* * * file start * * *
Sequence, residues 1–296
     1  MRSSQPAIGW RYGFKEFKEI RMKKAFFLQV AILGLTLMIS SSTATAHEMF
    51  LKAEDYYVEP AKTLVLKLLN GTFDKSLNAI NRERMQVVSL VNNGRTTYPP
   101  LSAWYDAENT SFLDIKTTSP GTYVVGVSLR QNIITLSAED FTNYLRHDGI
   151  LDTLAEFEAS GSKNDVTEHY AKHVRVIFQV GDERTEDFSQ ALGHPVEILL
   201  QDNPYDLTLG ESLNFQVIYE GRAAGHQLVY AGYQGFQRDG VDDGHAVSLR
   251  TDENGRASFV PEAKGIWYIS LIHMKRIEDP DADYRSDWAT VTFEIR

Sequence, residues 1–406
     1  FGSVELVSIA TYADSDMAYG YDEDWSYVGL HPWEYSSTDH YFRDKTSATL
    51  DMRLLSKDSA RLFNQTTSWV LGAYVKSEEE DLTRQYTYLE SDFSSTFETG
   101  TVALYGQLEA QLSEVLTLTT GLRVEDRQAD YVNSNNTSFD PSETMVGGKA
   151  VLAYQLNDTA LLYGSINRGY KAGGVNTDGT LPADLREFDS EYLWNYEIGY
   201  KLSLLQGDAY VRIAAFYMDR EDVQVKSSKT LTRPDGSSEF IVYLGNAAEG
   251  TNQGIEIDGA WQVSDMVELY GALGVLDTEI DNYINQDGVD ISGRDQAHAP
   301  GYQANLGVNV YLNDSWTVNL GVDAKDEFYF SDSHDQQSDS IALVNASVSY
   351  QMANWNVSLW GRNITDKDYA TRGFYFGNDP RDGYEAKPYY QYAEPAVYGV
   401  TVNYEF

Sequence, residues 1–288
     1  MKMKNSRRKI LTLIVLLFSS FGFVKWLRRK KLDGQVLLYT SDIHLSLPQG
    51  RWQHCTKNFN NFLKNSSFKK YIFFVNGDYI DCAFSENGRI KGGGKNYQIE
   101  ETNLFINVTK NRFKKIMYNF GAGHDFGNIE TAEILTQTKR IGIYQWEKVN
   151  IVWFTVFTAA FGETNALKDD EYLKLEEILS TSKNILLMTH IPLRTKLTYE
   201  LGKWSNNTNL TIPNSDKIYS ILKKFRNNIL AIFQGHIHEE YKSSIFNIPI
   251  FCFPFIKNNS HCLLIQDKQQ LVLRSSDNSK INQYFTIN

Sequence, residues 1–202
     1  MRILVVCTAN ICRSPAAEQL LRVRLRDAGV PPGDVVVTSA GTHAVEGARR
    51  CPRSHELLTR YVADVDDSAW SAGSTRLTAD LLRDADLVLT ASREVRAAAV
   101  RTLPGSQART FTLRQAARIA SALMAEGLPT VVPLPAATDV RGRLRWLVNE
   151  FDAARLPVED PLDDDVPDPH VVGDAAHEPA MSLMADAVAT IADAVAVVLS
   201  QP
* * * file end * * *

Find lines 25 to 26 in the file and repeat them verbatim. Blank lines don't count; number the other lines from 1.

Sequence, residues 1–202
     1  MRILVVCTAN ICRSPAAEQL LRVRLRDAGV PPGDVVVTSA GTHAVEGARR